Tuesday, December 13, 2011

John Dominic Crossan on Angels and Christmas Narratives: Christ or Caesar

"Christ Before Pilate," School of Hieronymus Bosch, 16th-Century, Princeton University Art Museum

Noted scripture scholar John Dominic Crossan writes at Huffington Post about the infancy narratives of the Christian gospels and their use of angels as directors of "narrative traffic" in the various infancy narratives.  He points out that in the Lucan narrative, angels give the new-born messiah titles parallel to those applied to the Roman emperor--but with a radically different vision of how both bring peace to the world:

The difference was not in the that of peace but in its how, not in the purpose and intention of peace but in the mode and method of its accomplishment. For Rome, as you can see clearly on the beautiful bas-reliefs of that above-mentioned Altar of Augustan Peace, the mode and method was: religion, war, victory, peace. Rome believed, as did every empire from the Assyrian to the American, that the future of civilization demanded peace through victory. But the messianic vision of the Jewish Jesus proclaimed a different program: religion, non-violence, justice, peace. Its mantra was peace through justice. Or, as Jesus told Pilate in John's powerful parable: God's Kingdom, as distinct from Rome's Kingdom, precludes violence -- not even to liberate himself from imperial power (18:36).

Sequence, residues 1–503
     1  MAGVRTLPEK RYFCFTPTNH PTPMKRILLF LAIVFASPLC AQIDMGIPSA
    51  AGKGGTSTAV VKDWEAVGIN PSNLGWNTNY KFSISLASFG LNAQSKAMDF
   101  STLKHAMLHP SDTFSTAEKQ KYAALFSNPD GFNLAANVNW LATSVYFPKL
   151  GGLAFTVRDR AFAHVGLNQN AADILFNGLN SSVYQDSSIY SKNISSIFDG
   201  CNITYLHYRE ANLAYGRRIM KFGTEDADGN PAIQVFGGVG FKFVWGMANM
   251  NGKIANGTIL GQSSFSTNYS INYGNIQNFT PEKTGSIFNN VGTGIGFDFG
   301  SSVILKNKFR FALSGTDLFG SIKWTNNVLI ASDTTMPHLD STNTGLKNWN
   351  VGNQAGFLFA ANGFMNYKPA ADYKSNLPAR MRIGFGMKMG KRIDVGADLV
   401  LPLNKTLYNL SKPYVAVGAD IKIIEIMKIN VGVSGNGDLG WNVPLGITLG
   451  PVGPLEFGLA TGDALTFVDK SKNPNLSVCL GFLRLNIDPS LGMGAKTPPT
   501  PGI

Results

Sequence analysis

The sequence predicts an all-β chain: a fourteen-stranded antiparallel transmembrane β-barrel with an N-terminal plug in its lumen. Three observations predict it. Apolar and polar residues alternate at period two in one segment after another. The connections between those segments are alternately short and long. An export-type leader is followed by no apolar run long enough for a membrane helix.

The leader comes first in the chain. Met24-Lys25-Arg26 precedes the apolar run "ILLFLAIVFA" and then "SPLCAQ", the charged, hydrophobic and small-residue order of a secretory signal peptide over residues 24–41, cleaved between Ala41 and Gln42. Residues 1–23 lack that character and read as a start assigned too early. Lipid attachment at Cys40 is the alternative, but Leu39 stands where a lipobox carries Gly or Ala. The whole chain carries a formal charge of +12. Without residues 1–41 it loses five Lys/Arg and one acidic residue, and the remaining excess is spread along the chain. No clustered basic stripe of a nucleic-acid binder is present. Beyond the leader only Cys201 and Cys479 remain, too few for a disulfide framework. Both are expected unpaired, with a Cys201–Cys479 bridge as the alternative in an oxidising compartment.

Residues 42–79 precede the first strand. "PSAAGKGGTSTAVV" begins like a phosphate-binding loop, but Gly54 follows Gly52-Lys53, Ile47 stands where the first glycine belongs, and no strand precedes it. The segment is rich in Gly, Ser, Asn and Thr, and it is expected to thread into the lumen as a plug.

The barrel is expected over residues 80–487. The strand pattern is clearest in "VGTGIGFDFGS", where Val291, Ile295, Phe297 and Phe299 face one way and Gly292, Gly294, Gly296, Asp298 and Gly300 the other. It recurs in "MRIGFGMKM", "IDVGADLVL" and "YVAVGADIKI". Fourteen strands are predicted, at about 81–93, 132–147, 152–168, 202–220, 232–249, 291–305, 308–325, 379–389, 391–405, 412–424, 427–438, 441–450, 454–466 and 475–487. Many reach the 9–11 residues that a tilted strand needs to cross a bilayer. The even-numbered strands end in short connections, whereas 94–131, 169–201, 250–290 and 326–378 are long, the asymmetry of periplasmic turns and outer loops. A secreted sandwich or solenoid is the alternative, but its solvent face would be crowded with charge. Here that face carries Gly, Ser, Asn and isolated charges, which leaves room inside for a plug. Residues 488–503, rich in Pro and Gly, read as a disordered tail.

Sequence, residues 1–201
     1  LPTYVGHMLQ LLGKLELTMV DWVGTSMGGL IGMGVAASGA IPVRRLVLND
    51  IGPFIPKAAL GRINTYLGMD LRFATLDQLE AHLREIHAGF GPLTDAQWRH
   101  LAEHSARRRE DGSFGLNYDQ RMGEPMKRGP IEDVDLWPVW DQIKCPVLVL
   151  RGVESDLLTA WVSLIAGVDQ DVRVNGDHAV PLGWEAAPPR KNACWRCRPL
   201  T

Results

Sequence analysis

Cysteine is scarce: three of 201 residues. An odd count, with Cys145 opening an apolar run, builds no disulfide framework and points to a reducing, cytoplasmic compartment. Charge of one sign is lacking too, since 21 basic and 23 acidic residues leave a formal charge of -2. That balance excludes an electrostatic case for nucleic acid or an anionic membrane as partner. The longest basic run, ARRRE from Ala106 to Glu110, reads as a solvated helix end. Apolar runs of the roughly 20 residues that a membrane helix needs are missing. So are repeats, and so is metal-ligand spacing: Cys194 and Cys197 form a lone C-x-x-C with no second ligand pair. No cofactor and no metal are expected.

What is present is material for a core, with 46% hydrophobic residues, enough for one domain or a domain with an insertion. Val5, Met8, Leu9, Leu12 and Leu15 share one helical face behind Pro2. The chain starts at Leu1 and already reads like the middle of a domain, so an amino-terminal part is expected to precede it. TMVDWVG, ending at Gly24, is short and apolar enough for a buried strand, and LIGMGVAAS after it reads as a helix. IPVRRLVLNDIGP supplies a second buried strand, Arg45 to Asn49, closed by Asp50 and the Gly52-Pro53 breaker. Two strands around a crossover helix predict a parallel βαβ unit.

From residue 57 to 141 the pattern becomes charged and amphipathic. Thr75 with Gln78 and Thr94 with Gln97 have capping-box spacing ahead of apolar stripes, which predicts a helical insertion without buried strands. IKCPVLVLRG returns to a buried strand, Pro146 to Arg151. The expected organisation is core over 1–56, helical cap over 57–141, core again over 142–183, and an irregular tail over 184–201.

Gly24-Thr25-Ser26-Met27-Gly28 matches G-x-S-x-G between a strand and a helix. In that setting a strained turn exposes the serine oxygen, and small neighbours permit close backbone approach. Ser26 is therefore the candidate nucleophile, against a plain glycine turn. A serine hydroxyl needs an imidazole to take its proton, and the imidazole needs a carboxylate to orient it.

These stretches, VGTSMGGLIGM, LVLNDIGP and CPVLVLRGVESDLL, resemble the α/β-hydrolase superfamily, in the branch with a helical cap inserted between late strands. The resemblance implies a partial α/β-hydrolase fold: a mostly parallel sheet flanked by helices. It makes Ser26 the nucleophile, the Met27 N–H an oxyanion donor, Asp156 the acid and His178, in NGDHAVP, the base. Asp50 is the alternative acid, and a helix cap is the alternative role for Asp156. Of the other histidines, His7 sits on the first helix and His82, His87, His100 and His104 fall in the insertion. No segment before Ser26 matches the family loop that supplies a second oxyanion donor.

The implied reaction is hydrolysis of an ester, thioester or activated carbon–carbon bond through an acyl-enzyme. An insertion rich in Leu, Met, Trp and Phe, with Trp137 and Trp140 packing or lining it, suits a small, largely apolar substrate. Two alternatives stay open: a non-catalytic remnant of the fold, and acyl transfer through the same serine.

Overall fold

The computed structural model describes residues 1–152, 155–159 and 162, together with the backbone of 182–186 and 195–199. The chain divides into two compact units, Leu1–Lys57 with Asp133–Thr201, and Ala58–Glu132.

Victory's violence establishes not peace but lull -- until the next and always more violent round of war. The Christian challenge of Christmas is this: justice is what happens when all receive a fair share of God's world and only such distributive justice can establish peace on earth. But how can we ever agree on what is fair for all? Hint: ask what is fair -- in first or 21st century--of the 99 percent of earth's people and not of the 1 percent.

Caesar or Christ: we like to imagine that that question has long since receded into the mists of history.  But perhaps it's still with us.  Perhaps, in fact, it's the most pertinent question around these days for Christians.

Though the face worn by Caesar today--the mask, the persona--as he makes his claims to establish peace through assault, war, domination, and extermination of "enemies" is significantly different from the imperial face we imagine as we look at ancient Roman imperial artifacts or read ancient texts.

Perhaps it's a contemporary face.  And who knows, it might even be there, posturing right in front of us  on the stage of our current political campaigns.  The mask might even be worn by the man (and the religious leaders backing that man) who claim they're standing up to Caesar while doing everything in their power to keep Caesar's imperial, exploitative, win-at-all-costs vision of "peacemaking," in which "peace" is built on the backs of the wretched of the earth, alive and well in the 21st century.

For all we know, we ourselves might be wearing Caesar's mask more than we realize, even as we talk endlessly about morality and Christian values, etc., etc.

Thanks to theologian Michael Iafrate of the catholicanarchy blog for linking to Crossan's article at his Facebook page (and thus bringing the article to my attention).

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